In Yesterday, the character Jack Malik is like the researchers who spend many a Hard Day’s Night on their research, working about Eight Days A Week. Granted, researchers aren’t the only ones who remember whatever finding they discovered or verified or disproved or what have you, but there’s an excitement that comes with discovery and that moment of anticipation before that discovery is shared. Stuart Firestein describes this feeling–that you alone are the only one who knows something that must be known–wonderfully in Ignorance: How It Drives Science, which doesn’t worry about Open Access (or the Beatles) at all: 

“When I was a graduate student, I was working late one night at the lab and I obtained a really unexpected result that answered a long-standing question. It was quite late and there was no one to tell. I remember going home that night and thinking that I should be extra careful in traffic because only I knew this thing and I needed to protect it.”

(p. 160-161) 

Of course, there’s an important distinction here: in the Yesterday universe, intellectual property isn’t an issue. If the band doesn’t exist, they definitely don’t have copyright. In the world of scholarly publishing, however, authorship and citations are a big deal

Yes, the researcher’s findings are their own, but the whole point of publication is sharing that knowledge with the world–and knowledge, though we contribute to it, doesn’t “belong” to anybody. Unfortunately, scholars are still subject to the rules of publishing: even if you want people to view your work for free, You’ve Got To Hide Your Love Away. There’s also an important difference between artists’ creative work and research funded by the government after the Taxman rolls around. This is a good place to note that the two perhaps most well-known databases with significant free access come from government agencies: PubMed, from the National Library of Medicine, and ERIC, from the Institute of Education Sciences.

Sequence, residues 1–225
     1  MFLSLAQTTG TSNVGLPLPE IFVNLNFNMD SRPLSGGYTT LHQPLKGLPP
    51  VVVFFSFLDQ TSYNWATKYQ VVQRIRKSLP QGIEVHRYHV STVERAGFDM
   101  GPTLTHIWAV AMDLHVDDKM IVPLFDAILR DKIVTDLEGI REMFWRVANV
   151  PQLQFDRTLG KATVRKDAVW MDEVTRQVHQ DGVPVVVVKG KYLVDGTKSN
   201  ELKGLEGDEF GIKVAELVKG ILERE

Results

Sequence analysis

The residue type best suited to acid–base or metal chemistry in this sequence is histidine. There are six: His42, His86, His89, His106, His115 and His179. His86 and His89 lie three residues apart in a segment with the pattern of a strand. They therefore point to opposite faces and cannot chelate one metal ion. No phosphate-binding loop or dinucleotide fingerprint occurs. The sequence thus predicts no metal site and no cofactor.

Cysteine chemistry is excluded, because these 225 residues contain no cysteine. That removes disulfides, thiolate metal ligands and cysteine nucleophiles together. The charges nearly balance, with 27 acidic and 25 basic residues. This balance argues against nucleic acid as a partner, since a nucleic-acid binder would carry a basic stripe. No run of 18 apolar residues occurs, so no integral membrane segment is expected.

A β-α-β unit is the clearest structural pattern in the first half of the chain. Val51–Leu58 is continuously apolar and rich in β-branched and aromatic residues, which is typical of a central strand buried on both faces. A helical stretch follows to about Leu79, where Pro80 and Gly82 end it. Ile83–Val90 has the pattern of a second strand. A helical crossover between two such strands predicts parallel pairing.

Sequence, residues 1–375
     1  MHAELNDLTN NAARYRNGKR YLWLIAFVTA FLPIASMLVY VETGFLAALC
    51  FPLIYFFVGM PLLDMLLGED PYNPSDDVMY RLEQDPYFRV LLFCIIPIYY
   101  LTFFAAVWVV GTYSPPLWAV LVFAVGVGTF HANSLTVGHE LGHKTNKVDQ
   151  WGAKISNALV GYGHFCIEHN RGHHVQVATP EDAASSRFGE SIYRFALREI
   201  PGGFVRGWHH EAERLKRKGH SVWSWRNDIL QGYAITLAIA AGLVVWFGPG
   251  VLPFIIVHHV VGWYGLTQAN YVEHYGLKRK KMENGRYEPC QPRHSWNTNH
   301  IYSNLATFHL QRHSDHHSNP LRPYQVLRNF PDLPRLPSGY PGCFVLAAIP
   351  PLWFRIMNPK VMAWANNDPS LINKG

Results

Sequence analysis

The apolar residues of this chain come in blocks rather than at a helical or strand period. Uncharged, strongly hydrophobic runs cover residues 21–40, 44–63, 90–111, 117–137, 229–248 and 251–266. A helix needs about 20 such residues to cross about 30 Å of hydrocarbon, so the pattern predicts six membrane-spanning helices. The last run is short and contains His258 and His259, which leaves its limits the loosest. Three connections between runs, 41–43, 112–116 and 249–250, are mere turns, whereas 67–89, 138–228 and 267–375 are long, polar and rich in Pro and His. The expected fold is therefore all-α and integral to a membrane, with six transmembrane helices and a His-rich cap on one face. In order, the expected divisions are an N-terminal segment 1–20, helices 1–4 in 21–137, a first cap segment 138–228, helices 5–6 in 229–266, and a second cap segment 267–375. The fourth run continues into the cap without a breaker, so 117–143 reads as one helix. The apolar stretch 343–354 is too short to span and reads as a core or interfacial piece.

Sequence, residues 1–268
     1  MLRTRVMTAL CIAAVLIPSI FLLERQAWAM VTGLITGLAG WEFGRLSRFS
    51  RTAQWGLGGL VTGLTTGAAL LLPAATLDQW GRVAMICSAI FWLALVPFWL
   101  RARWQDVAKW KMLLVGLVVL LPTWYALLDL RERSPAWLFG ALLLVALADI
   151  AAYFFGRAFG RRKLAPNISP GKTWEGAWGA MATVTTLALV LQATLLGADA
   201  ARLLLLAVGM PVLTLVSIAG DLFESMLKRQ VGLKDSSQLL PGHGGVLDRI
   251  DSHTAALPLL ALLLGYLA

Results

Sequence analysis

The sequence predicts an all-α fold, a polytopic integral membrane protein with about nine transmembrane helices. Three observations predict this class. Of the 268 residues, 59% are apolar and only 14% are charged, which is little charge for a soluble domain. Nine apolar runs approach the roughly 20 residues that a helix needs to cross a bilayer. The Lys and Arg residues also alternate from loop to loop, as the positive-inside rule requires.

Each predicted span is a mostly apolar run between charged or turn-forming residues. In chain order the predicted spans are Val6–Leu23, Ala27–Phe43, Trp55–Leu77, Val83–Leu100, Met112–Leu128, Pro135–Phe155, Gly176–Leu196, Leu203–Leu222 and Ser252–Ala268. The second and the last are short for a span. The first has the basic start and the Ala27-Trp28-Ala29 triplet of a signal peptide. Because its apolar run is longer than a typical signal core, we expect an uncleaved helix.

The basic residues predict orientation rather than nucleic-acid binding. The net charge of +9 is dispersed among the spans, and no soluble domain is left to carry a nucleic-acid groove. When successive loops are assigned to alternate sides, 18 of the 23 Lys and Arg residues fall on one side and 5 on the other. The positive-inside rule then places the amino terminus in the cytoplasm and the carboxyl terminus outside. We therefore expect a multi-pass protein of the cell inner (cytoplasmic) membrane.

This reminds me of probably my second-favorite part of the movie (if you’ve seen it, you can probably guess my first-favorite scene): Jack is confronted by two people who–gasp!–also remember the Beatles. Jack is ready to be reprimanded, but instead, the two simply say, “Thank you.” They’re just happy to hear the songs again–and Jack, as the sole musician of the three, is the one who must take on that role. (Really, imagine a world where you never listen to “Here Comes the Sun” again–it’s a little bleak, right? At least you’d still have that “Twist and Shout” scene from Ferris Bueller, thanks to the Isley Brothers.) We the readers (and I’d like to think the researchers as well) are simply grateful to be part of this messy discourse of human knowledge.

Do You Want To Know A Secret? I (hopefully) am graduating next May, so this issue in particular weighs on me–what will I do when my access to peer-reviewed knowledge is gone? I have a personal stake in this, and I’ve Got A Feeling you do, too. The good news is that it’s Getting Better all the time: University of California, Louisiana State University, and Florida State University have all taken a stand and canceled their “big deal subscriptions” with publishing companies. More institutions are following their lead, and publishing companies like Elsevier are beginning to support open access. 

It’s beginning to look like We Can Work It Out.

Kelly Bilz

Kelly Bilz is a graduate student from Kentucky pursuing her MLIS with a specialization in academic libraries. She works in her university’s Special Collections as well as the local history department of a public library. Kelly first heard about intellectual freedom in her Information in Society course and has spent the time since arguing with her friends about intellectual freedom in algorithms, ethics, and institutional integrity. Because she is passionate about history and the cultural record, Kelly is interested in how intellectual freedom affects access to genealogical records and ethical collecting practices in archives. In her free time, Kelly enjoys listening to podcasts (especially Ear Hustle) and watching old movies (like Lady from Shanghai). Find her on LinkedIn.